Monday, August 22, 2022

A fun idea for a moon mission

Lately, I’ve been doing some thinking on what I would do if I had money to burn.  There’s a long list of things I’d do that could be done with a million dollars or so.  But I started thinking what if I had a billion to burn.  And I figured that one thing I’d do would be to privately fund a robotic lunar program.  I am a big supporter of humans returning to the moon to stay, and if I had the money what could I do to help further that goal.  This is what I came up with.

This is the ideal program, but I’m not sure if a private citizen would be able to do part of it.  I’ll get to that.  This program would consist of three types of landers (I’ll call them A, B, and C) all landing in the same area.  There’d be four or five As, as many or more Bs, and one C.  The Bs – and probably the Cs – would all be identical, but the As might have some slight design differences.  In the super ideal program, we’d just keep building these and sending new sets to do science at various locations on the lunar surface. 

So what science would be done?  The A Landers would land and scoop up a large amount of regolith.  It would then mix this with some binding agent and 3D print a … brick.  Well, three bricks.  This first set would probably be the solid bricks we’re used to, but later sets would probably contain voids to minimize the material needed.  And there could be sets with raw regolith, and another set where the regolith is ground to make the particles more uniform.  Further A Landers could have some other processing element, or would use a different binding agent.  I don’t know exactly how much mass could be landed, but each A Lander may only be able to print a dozen or so bricks.

A B Lander would land nearby and two bricks from each set would be loaded into a return capsule.  This would be launched back to Earth where scientists could study the bricks.  The reason you’d want at least two of each type is so you could do destructive testing on one of them.  Depending on how reliable the return capsule is, you might want to only put one brick from a set in each.  And depending on how much mass can be returned, you could also send plain regolith or rock samples back to Earth.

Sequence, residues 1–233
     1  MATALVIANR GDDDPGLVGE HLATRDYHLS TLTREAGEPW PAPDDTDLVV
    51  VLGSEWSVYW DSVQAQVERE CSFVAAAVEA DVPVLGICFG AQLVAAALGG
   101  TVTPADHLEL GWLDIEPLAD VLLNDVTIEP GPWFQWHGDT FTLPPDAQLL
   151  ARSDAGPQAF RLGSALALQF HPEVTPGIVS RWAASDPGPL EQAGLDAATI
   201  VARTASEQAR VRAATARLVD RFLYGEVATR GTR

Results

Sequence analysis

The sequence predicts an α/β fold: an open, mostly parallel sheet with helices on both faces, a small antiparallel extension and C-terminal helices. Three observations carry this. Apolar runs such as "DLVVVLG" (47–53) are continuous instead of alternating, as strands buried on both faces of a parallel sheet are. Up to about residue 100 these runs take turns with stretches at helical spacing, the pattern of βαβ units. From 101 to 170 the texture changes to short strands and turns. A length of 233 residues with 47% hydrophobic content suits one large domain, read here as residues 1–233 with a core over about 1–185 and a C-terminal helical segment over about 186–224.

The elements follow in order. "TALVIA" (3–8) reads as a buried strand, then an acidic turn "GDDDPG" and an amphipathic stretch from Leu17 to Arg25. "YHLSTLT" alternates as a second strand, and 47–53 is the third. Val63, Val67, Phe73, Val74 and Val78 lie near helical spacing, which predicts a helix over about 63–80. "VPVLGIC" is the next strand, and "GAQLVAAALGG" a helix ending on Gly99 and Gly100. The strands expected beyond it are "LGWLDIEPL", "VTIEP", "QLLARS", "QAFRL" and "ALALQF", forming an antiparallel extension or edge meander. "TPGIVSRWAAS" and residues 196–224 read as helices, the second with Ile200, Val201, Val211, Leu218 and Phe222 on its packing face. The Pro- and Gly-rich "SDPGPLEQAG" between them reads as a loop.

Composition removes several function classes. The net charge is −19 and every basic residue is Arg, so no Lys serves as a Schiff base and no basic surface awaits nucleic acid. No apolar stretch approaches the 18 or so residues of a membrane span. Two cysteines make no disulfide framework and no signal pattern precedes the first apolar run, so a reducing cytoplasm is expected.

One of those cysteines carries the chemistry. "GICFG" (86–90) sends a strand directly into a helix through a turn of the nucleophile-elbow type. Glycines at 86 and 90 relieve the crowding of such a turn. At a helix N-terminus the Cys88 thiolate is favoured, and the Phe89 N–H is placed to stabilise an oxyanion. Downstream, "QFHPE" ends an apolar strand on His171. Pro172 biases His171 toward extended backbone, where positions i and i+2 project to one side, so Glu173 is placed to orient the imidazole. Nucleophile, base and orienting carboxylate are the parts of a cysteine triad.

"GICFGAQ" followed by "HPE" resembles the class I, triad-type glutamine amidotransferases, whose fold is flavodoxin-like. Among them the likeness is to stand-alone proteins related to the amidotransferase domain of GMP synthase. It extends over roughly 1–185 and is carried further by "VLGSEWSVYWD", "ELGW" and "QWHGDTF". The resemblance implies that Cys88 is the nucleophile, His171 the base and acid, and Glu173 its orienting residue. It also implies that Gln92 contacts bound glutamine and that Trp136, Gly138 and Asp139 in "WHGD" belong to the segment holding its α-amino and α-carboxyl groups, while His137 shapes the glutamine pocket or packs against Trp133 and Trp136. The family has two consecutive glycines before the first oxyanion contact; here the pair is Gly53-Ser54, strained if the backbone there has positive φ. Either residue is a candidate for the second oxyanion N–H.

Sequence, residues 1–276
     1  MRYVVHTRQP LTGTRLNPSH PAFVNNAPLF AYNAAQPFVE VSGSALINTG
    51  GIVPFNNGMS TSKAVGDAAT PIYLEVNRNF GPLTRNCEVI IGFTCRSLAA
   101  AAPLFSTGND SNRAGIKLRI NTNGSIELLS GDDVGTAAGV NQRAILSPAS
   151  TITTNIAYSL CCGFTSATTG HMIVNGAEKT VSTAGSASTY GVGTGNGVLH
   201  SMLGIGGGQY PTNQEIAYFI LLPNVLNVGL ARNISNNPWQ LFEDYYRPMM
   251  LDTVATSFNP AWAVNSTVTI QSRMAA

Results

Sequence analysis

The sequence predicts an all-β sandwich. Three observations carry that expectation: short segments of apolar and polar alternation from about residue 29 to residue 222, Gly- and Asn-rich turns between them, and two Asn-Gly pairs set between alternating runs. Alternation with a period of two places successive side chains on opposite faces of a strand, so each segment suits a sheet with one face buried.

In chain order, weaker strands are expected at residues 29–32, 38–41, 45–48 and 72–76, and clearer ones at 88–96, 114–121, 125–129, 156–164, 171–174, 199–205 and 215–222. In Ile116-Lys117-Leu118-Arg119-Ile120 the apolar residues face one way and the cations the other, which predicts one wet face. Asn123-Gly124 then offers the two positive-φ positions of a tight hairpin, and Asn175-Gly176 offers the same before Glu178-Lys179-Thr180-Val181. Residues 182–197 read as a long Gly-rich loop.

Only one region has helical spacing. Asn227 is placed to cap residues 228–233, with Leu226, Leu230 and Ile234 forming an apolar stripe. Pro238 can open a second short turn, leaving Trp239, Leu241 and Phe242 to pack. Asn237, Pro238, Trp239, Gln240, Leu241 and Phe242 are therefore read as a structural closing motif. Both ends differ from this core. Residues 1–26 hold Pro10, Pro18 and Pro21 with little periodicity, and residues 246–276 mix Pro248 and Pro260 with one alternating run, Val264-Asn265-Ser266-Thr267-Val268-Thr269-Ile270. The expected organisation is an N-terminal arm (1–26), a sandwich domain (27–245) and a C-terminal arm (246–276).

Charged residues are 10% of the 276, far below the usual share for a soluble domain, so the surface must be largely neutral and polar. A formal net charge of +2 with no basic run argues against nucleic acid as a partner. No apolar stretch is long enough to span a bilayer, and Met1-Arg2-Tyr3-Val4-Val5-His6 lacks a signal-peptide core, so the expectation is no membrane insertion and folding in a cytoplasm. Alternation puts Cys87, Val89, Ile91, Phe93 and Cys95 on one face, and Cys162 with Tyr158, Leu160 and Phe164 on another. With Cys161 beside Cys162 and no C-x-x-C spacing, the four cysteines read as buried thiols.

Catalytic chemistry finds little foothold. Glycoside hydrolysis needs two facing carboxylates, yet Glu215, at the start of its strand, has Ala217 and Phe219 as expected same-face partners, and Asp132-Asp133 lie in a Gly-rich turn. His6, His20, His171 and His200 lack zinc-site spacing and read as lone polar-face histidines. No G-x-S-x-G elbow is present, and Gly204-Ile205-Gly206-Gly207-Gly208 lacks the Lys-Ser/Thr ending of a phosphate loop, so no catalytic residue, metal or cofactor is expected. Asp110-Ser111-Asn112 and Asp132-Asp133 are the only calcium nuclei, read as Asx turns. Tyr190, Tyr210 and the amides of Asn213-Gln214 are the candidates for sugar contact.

How would these bricks be loaded into the return capsule?  That’s the job of the C Landers, which would be rovers.  Ideally, these would be RTG powered, but I don’t know if a private citizen could buy an RTG, so these rovers might need to be done in a partnership with NASA.  Besides loading the bricks, these rovers could do their own research.  But the reason they need to be RTG powered is so that they can survive for long periods of time so that they check up on the bricks that are left on the moon.  These would be left out and the rover would come by once a month or so and take photos to see how they are standing up to the lunar day/night cycle.  I see the four or five A Landers all landing within ten kilometers of each other.  Once the rover works out a path between all of them, it could just drive itself.  Or, I guess it could move the remaining bricks all to one location and just come back to it after doing its other explorations.  I suppose you could even make a D lander that would just bring more binding agent the rover could take to refill the A Landers. 

The more you think about it, the more ways there are to do things.  But why do this?  Even with gigantic, reusable rockets, it will still costs a lot of money to launch stuff off Earth and land it on the moon.  A lander that prints a structure using regolith will be able to make a larger structure than would have fit on whatever rocket launched that lander.  Yes, the first lunar base will have structures built on Earth, but the fastest, easiest, and cheapest way to expand that base will be with lunar bricks.  And while some have made bricks on Earth using simulated lunar regolith, nobody has built bricks on the moon to see how they stand up.  Maybe after a dozen day/night cycles the unprocessed regolith bricks start to flake, which would be good to know before we start building a base from them.

So that’s what I’d do if I had money to burn on a space project.  It’s not flashy, it’s not inspiring, but it would bring us that much closer to being a spacefaring civilization.

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